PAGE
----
# Common solutions to 3SAT and 2SAT models comprised of the same variables

I have a problem which is a combination of 3SAT & 2SAT instances. Consider $$L$$ is a set of variables $$(x_1 ... x_n)$$. $$S_3(L)$$ is a 3-SAT instance and $$S_2(L)$$ is a 2SAT instance, both made of variables in L. The actual boolean formula to solve is $$B = S_3(L) \wedge S_2(L)$$. So the solution for B is an intersection of the solution sets of $$S_3(L)$$ and $$S_2(L)$$.

Both $$S_3$$ and $$S_2$$ can be solved separately, and then we can select a common solution to solve B. I was wondering if I can use the 2SAT solution to more efficiently solve the 3SAT instance, for e.g. can I use the implication graph from the solution of the 2SAT instance to guide the search for solution to the 3SAT instance?

I am aware we build an implication graph when solving a 3SAT instance through DPLL. So can we use an existing graph to guide the DPLL solver?

Edited to better (hopefully) specify the problem

• Sorry, it's not clear what you are asking. You say "the solution to the 2SAT instance". Is there a unique solution to the 2SAT instance? If so, the question is trivial: just use that solution. If not, the question is trivial: in the worst case it doesn't help. Also, the next sentence seems to contradict the previous sentence. Please edit the question to clarify exactly what you mean. – D.W. Sep 15 '20 at 5:44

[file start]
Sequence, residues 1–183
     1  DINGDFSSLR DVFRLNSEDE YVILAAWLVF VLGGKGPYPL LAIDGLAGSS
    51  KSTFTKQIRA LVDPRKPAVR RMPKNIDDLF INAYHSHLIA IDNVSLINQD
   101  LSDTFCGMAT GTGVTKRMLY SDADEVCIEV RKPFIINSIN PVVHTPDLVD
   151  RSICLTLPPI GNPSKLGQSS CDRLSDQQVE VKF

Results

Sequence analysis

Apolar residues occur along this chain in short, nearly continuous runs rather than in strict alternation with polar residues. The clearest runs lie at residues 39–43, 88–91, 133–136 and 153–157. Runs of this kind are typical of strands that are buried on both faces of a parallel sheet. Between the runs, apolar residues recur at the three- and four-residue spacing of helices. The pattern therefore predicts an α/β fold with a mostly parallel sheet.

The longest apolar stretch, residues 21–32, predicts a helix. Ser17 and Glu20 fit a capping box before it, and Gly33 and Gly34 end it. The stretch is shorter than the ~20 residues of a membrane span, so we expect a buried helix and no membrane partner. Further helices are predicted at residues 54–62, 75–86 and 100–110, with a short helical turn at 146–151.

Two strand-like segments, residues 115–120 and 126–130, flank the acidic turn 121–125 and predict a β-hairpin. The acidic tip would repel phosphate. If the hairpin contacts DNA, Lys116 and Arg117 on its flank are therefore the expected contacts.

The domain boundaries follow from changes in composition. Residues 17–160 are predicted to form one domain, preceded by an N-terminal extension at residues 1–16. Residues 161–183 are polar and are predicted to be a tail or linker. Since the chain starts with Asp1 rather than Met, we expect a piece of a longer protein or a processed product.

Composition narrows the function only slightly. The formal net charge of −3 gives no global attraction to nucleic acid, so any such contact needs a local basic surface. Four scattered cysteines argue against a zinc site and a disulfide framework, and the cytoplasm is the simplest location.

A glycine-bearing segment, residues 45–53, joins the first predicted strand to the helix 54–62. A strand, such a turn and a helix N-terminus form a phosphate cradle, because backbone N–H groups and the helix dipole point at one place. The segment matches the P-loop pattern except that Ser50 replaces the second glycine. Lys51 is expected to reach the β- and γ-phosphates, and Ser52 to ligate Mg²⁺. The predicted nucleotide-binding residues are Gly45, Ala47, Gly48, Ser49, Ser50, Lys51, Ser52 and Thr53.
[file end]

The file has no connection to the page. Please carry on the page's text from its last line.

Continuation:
• I have edited the question to provide better clarity. – gautam Sep 15 '20 at 12:12
• What are you looking for in an answer? As @D.W. points out, in the worst case the problem is as hard as 3-SAT, so NP-hard. Are you looking for heuristics? Are you wondering whether there is existing work on SAT solvers that might apply? Or maybe on average-case analysis of SAT? Also, what is "the DPLL solver"? – Neal Young Sep 15 '20 at 13:59

No, in general you cannot. If $$S_2(L) = (x_1 \lor \neg x_1)$$, say, then the implication graph for $$S_2(L)$$ gives you no information on the solutions to $$S_3(L)$$ or $$B$$.
If you want to know how to solve it in practice, throw $$B$$ into a SAT solver. No need to distinguish between the two types of clauses: SAT solvers already do everything there is to do.